SW FL-Bonita Beach: Fishing great when weather allows. 22-inch mutton snapper!
<p>Monday and Tuesday, 1/18 and 1/19/16, began just as the preceding week had begun, that is, with a cold front that brought high winds and seas, along with some cold temperatures. The two offshore trips I had planned for those days had to be canceled.
Wednesday, 1/20, it was still pretty breezy, but winds were forecast to decrease, and seas were calmer, with two-to-three feet predicted. I headed offshore for a full day of fishing with Dale Beckett and Dave Frantz. Seas were rough first thing, but subsided as the day progressed, and we fished in spots from 18 to 24 miles west of New Pass. The guys caught a nice variety, including a 22-inch keeper red grouper, a brace of 23-inch gag grouper (released), ten keeper mangrove snapper ranging 13 to 19 inches, fifteen keeper lane snapper to 12 inches, a brace of 14-inch porgies, some nice grunts to 16 inches, a 13-inch hogfish, and three keeper sheepshead to 19 inches. They released a few short red grouper, smaller grunts, a 16-inch white margate, and a 13-inch mutton snapper short. The grouper bit on baitfish, and everything else was caught on live shrimp.
Ron Musick and Eddie Alfonso fished offshore with me Thursday, 1/21, in spots ranging 20 to 26 miles west of New Pass. The red grouper were biting, but they were shorts right up to the 20-inch mark, and had to be released. When a fish measures exactly at its lower limit, it is best to release it, since shrinkage will cause it to be under legal size, once placed in the fish box. We would have been in luck for gag grouper, if only they were in season, but they are not. So we released five would-be-keeper gags to 29 inches. All the grouper bit on baitfish. Using live shrimp, we fished for snapper and other bottom varieties, and we boxed six porgies to 15 inches, fifteen lane snapper all 12-13 inches, and a few grunts.
Friday was a rainy, soggy day, causing me to cancel a trip, and Saturday brought heavy wind gusts and seas to 14 feet—a day that was not suitable for fishing anywhere. I rescheduled Saturday's trip, and remained in port until Tuesday.
As if weather hasn't been enough of a hurdle this season, an outbreak of red tide is also upon us. But, though we passed a few areas that were hit pretty hard, there were others that seemed unaffected when I headed out Tuesday morning, 1/26, to fish with Ron Richardson and Dave Aragon. We fished fifteen miles west of New Pass, where the guys used live shrimp to catch three keeper sheepshead to 18 inches, a 17-inch pompano, and a beauty of a 22-inch mutton snapper. They added to the box twenty keeper lane snapper to 12 inches and ten grunts. They released five red grouper shorts. Ron and Dave had planned to fish inshore the following day on Wednesday morning, but rain curtailed those plans.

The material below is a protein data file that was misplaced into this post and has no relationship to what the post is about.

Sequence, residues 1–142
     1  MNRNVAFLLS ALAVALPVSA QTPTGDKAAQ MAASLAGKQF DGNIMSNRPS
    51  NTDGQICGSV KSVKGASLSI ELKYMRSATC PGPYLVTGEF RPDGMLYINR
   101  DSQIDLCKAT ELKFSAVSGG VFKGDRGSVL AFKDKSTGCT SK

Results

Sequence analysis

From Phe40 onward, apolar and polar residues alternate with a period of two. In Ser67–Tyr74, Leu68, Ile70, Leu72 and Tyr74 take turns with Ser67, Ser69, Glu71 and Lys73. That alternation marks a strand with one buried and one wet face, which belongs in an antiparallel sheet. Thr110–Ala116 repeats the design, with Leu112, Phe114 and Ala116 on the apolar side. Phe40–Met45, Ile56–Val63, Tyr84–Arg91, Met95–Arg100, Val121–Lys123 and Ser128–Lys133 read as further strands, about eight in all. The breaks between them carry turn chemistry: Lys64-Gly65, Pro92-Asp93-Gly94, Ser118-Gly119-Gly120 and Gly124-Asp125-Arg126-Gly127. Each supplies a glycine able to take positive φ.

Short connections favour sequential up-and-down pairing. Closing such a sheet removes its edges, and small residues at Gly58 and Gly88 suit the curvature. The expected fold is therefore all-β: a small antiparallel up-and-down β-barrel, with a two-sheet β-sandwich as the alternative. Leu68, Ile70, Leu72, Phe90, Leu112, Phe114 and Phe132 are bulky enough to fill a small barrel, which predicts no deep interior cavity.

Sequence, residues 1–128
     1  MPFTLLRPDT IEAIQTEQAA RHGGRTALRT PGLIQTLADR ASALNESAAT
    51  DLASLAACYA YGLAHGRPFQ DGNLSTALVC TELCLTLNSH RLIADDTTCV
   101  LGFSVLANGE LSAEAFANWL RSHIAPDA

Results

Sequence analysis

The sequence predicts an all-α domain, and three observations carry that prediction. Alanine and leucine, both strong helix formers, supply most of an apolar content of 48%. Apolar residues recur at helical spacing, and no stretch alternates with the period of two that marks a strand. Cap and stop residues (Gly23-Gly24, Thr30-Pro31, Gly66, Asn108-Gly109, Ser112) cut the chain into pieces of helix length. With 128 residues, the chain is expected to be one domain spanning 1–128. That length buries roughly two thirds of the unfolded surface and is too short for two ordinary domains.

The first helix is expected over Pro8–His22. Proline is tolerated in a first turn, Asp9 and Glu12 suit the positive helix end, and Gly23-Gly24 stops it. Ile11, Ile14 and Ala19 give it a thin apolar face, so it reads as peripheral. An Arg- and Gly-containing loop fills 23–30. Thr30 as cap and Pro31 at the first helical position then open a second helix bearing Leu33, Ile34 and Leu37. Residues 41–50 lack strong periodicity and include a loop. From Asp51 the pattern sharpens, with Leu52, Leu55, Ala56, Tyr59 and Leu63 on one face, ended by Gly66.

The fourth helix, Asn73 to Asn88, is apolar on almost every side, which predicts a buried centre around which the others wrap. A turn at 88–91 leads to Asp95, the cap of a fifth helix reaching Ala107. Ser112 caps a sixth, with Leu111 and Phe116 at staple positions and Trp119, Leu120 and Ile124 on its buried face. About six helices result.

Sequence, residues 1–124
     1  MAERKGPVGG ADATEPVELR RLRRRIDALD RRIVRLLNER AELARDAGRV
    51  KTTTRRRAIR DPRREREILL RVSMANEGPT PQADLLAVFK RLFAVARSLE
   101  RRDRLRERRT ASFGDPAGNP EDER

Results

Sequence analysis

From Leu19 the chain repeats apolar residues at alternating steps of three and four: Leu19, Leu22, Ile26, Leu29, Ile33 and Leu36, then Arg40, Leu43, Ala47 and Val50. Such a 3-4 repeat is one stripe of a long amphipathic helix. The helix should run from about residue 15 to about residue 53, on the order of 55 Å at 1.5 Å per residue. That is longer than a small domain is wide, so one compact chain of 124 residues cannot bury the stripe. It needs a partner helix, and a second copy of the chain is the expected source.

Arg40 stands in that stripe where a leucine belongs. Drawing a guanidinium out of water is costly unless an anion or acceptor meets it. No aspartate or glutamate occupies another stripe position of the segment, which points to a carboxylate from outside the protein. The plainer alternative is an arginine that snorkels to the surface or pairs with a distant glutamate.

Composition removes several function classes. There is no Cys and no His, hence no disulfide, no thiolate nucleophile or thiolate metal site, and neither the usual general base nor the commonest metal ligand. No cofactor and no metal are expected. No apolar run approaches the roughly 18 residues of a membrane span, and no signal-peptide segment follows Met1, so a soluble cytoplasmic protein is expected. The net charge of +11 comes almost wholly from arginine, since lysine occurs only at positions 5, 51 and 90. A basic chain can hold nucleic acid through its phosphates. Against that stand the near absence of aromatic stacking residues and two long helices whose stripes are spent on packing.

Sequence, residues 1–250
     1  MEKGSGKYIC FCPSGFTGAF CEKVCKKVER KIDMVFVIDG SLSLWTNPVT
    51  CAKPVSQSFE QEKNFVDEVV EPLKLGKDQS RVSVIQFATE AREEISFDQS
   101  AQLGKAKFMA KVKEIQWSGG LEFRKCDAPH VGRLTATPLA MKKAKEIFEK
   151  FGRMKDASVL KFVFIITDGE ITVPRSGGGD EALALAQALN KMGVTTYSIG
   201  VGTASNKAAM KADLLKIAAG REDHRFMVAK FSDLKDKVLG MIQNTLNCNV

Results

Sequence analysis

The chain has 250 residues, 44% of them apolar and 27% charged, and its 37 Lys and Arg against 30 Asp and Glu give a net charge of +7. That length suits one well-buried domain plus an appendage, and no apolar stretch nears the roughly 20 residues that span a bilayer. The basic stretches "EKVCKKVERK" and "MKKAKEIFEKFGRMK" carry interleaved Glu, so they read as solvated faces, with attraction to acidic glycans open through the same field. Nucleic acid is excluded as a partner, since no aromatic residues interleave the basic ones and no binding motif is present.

Wednesday, it rained all day, and persisted into Thursday, and I canceled both days' trips. Friday, 1/30, the rains were finally gone, but were followed by windy conditions and rough seas, once again. So, Alan Bronson and son, Wendall, along with family friend, Clyde Balsrud, fished the backwaters of lower Hickory Bay with me. The north wind was chilly, and the temperature dropped from an early morning high of 59 degrees to about 56 degrees while we were out, with a chilly night predicted to follow. But the tide was pretty decent, and the guys used live shrimp to box two trout, 15 ˝ inches and 16 ˝ inches, as well as three sheepshead, all between 14 and 15 inches, and one keeper mangrove snapper at 11 inches. They released a four-pound stingray, along with some sheepshead shorts.
Saturday morning, seas were much calmer than they had been recently, and I fished offshore 15-20 miles west of New Pass with Darren and Linda Rachman and Darren's dad, Bob. Ever since the cold front came through, the close-in red grouper bite has diminished, and those fish have likely moved further offshore. We released a few red grouper shorts, but no keepers. The group did well with snapper fishing, though, and boxed a dozen keeper lane snapper to 12 inches, along with eight nice mangrove snapper to 16 inches. They added a few good-sized grunts to the mix, and also released a 14-inch bluefish.
The photo shown is of angler Dave Aragon with a 22-inch mutton snapper, caught on shrimp on a recent offshore trip.
You can check out all of our shark and goliath grouper action videos at the following link:
22-inch mutton snapper
About The Author: Captain Dave Hanson
Company: Fish Buster Charters
Area Reporting: Bonita Beach
Bio: Captain Dave Hanson is a native of southwest Florida. He has been fishing local waters since childhood, and has been fishing professionally for over fifteen years. He is Coast Guard licensed, and is a member in good standing of the Bonita Springs Chamber of Commerce. He has been featured in several national fishing magazines, and he also appears weekly in the fishing reports sections of the Bonita, Ft. Myers, Ft. Myers Beach, and Naples, FL newspapers.